Stretching is somewhat similar to meditation: most of us have what it takes to do it more often, but it takes discipline, determination, and minimal technical support. Stretching is often associated with relaxing muscles before and after exercise to reduce the risk of injury and reduce soreness, but the benefits of stretching are not limited to the feeling of flexibility. We tell you why you need to develop flexibility and how to do it efficiently.
“When there is a lot of tension in the body, certain areas begin to compensate,” says Kayla Alpen, personal trainer and co-owner of Stretch Studios in Sydney. “Stretching allows you to bring cohesion back to your body so you can move and function efficiently enough, regardless of exercise.”
The best part about stretching is that you don’t have to be an experienced athlete to seriously engage in this activity. “Stretching is good for our body as a whole,” says Dr. Alex Hopwood, chiropractor and co-founder of Stretch Studios. “The digestive system works better after physical activity.” However, just a few simple tips will help increase flexibility and allow you to start stretching like a pro.
Work out with a trainer
When you train with a trainer, they help you get into the correct posture and push your body in the right direction to (moderately) increase the load and increase the benefits of the exercise. “The advantage of training with a trainer, compared to stretching on your own, is that you just work with a professional who knows what to do and how to do it, but also promotes deeper stretching and faster results,” says Hopwood.
Hopwood also explains that supervised stretching maintains proprioceptive neuromuscular facilitation (or PNF), which decreases with age and is one of the reasons why flexibility declines. “During stretching, we force our clients to contract their muscles,” says Hopwood. “This allows for a connection between the brain and the muscles in order to send a signal to the brain about how it can use this ability of the muscle in everyday life.”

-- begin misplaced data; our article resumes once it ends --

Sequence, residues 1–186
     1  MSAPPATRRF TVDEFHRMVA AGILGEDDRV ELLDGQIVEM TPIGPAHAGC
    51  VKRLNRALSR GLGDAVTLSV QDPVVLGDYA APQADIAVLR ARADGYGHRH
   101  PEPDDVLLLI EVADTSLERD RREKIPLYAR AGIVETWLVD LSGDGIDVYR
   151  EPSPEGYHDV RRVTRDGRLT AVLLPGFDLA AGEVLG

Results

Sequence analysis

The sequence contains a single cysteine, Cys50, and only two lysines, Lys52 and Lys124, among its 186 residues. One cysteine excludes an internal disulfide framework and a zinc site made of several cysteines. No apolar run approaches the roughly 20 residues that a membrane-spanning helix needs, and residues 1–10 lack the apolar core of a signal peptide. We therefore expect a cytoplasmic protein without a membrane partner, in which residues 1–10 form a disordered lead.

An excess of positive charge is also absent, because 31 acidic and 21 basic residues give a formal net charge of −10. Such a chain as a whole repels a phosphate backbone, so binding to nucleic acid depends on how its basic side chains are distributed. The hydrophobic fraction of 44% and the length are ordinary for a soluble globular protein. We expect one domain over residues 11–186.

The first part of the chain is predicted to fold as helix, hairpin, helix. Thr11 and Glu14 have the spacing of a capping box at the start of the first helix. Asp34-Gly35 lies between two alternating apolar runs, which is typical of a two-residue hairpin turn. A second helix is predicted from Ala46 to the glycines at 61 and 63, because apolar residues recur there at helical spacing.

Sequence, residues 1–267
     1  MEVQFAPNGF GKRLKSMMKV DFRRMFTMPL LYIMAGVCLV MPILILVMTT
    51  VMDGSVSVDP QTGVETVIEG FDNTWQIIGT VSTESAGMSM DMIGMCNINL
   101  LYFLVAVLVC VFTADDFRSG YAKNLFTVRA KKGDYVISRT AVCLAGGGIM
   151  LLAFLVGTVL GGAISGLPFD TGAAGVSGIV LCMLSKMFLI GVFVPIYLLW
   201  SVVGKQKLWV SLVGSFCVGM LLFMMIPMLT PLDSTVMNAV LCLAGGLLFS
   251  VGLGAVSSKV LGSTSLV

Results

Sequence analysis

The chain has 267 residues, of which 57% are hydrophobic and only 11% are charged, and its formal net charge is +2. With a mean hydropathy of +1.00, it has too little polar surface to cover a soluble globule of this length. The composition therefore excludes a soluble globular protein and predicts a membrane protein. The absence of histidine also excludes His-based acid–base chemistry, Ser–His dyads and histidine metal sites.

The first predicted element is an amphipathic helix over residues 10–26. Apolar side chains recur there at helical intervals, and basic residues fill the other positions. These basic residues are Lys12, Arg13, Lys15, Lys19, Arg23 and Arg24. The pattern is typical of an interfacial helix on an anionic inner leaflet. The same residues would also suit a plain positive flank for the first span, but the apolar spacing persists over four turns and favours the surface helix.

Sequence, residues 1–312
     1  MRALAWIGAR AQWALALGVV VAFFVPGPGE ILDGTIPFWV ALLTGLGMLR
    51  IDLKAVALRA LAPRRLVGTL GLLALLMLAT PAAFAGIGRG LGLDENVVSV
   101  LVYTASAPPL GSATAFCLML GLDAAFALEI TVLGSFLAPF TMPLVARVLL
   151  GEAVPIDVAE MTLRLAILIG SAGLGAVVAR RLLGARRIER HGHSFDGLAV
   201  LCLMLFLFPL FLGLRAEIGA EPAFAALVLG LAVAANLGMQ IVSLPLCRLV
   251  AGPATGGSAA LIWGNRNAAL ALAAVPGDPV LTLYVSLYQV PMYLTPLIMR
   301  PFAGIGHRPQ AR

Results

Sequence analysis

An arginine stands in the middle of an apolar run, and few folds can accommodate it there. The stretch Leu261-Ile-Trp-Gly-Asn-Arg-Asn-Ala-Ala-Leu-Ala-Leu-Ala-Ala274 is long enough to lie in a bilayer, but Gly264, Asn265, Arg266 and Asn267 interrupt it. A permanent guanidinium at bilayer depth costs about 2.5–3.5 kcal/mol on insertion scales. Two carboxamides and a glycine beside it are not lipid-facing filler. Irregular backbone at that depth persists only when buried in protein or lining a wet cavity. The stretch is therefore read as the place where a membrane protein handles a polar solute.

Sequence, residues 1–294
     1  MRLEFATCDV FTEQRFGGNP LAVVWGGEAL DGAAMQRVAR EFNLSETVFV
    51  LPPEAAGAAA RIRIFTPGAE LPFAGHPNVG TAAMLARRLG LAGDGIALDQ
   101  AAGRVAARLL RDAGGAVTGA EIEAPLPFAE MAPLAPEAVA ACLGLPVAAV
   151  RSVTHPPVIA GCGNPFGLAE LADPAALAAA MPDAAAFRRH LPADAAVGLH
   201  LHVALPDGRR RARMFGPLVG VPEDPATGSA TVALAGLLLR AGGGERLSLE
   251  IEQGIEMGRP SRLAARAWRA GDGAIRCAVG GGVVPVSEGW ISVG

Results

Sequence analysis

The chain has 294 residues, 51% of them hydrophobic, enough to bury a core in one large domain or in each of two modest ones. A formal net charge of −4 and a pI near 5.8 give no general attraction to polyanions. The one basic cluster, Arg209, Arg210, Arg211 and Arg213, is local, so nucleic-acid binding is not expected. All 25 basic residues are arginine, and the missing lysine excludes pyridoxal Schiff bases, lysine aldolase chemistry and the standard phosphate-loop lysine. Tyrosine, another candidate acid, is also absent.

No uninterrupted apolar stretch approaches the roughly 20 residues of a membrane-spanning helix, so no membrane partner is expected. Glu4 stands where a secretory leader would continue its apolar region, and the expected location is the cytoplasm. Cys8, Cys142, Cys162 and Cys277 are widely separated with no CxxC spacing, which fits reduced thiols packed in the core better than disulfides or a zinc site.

The static stretch that is traditionally done before a run isn’t all that helpful. “Many people think it’s good to stretch or hold a pose for 10 seconds, but studies have shown that it takes 30 to 40 seconds to hold a pose for a static stretch to work,” says Hopwood. The best option is dynamic stretching, when the muscles are stretched due to movement, for example, during lunges. “You should not do static stretching before a workout, especially when you go to the gym, as you will lose 25 to 25 percent of your strength,” says Hopwood. “One of the main features of muscles and their fibers is that the longer the muscle, the stronger it is.”
Feel your body
Stretching is good, but muscle loading is not. How much is “too much”? Alpen says it’s good to watch the intensity: On a scale of 1 to 10, you should feel a “pull” of 7 while stretching. “If your body associates the feeling of stretching with pain, it will defend itself,” she explains. “You have to be below this level so that your body can relax and bend even more.” And, as with any exercise, there is a cumulative effect: the muscles will return to their original state if you do not stretch them hard enough and regularly. “If you work in a seated position and your hips are in a level position, then regression will occur especially quickly in this place,” Hopwood warns. “That’s why it’s important to keep stretching even when you reach the level you were aiming for.”